COLLEGE PARK, Md. -- Almost one year ago to the day, the Terps trekked up I-95 to Baltimore for a game against Princeton. Maryland, as expected, handled the Tigers in a 20-plus point victory, but the key takeaway was the play of Jaylen Brantley. The backup point guard dropped in a career-high 14 second-half points in his first scoring outbreak since arriving at UMD from junior college.
Now, the junior is excited about returning to Royal Farms Arena for Maryland’s Dec. 20 bout against Charlotte (6-4), a running team led by Upper Marlboro, Md., native Jon Davis, who is averaging 19 points per game and has the Terps’ attention.
“[The Princeton game] was a lot of fun for me. I got to show people other sides of my game. I remember I scored 14 and just had a good time playing hard and getting the win,” said Brantley, who has developed into a valuable contributor for the Terps of late. “I can’t wait to go back to Baltimore.”
Besides the novelty of playing in front of a different home fan base, though, this upcoming matchup is all about Maryland’s continued improvement before Big Ten play begins Dec. 27 against Illinois. Brantley said the team needs to come together and show that it can defend and rebound, first and foremost, while continuing to shoot the ball effectively.
“Coach [Mark] Turgeon always emphasizes defense and rebounding,” said freshman guard Kevin Huerter, who, ironically enough, mentioned he’s focused on his ball-handling and shooting during Maryland’s recent break for final exams. “We know if our shots aren’t falling, we can always fall back on our defense and rebounding, so that’s always a big thing for us.”
Turgeon’s main worry heading into the bout in Baltimore, however, is how the layoff will effect his team’s focus and energy. The players were given five days off after the Dec. 12 game against Jacksonville State and have been back practicing for two days.
“We just tried to keep our rhythm this week as best we could. We had a few guys sick – it was a good time to get sick if you’re going to get sick. And it was a good time off for a lot of people. Ivan [Bender] with the broken wrist and hurt knee, it’s been good for him. The extra rest in practice has been good for LG Gill, it’s been good for [Michal Cekovsky], and it’s been good for all our young guys,” said Turgeon, who mentioned injured big man Damonte Dodd [MCL] is still sidelined and will be reevaluated after Christmas. “But we’ve had two good days of practice, and we just want to keep improving. Offensively, we’ve gotten better the last two games, so hopefully we can keep that rhythm and keep taking good shots. Defensively and rebounding, it’s an everyday deal for us, so hopefully we can continue to improve [in those areas] too.”
Besides Brantley, who has perhaps taken the most strides this season, Turgeon once again singled out two other role players who have been developing. He reiterated that sophomore guard Dion Wiley “is coming along” after finding his stroke against Jacksonville State, and mentioned sophomore power forward Ivan Bender as another valuable piece off the bench.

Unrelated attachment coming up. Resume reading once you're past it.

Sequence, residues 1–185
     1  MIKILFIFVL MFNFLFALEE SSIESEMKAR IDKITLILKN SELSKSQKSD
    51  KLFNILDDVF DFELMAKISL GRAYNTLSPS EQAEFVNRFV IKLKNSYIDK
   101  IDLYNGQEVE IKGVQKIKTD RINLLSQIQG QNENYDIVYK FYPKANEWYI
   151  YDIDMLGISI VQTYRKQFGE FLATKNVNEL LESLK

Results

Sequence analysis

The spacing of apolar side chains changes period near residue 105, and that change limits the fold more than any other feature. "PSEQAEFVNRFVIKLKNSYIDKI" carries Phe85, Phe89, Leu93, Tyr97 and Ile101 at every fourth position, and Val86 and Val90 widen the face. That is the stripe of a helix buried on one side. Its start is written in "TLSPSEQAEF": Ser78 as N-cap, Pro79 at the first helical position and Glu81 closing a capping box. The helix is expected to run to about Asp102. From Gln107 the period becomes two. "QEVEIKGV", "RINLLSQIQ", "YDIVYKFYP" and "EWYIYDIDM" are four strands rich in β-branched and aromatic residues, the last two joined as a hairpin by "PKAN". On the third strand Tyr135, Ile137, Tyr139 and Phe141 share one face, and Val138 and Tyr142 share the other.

Bender has quietly pulled down his share of rebounds during limited action the last few games, but in Maryland’s latest bout he showed off his touch around the rim. He ended up with a season-high 10 points, to go along with three boards and an assist.
“Ivan knows who he, is which is great,” Turgeon said. “He’s a smart basketball player, a great passer, he has a great feel offensively, and defensively he’s solid. When he’s locked in, he’s a great ball-screen defender, which is important in today’s game, and he’s a good position defender too. I just hope he can stay healthy.”
While Wiley and Bender have been trending up, junior wing Jared Nickens seems to be heading in the opposite direction. Mired in a season-long shooting slump, Nickens, who had just a single free-throw against St. Peter’s Dec. 10, didn’t play during the first half of the Jacksoville State affair. It was the first time during his UMD career Nickens didn’t see the floor in the game’s first 20 minutes.
“I’m sure it wasn’t easy for him. We had to start preparing for the Big Ten, so we had to shorten the bench a little bit,” Turgeon said. “But Jared is going to be a part of it. He’s been practicing well. Our guys know if they’re practicing well, they’re going to play.”
Regardless of who’s on the floor, the goal Dec. 20 is for the team, collectively, to shine on both ends of the floor. The Terps have come close to putting together a complete game with few lapses (see: Kansas State), but Turgeon and his players say there have been too many slow starts and too many inconsistencies.
“That’s a big thing – playing a full 40-minute game. That’s something we’re going to have to do in conference play,” Huerter said. “It’s something Coach Turgeon has stressed – playing a full 40 minutes. If we don’t do that in the conference, we’re going to get beat.”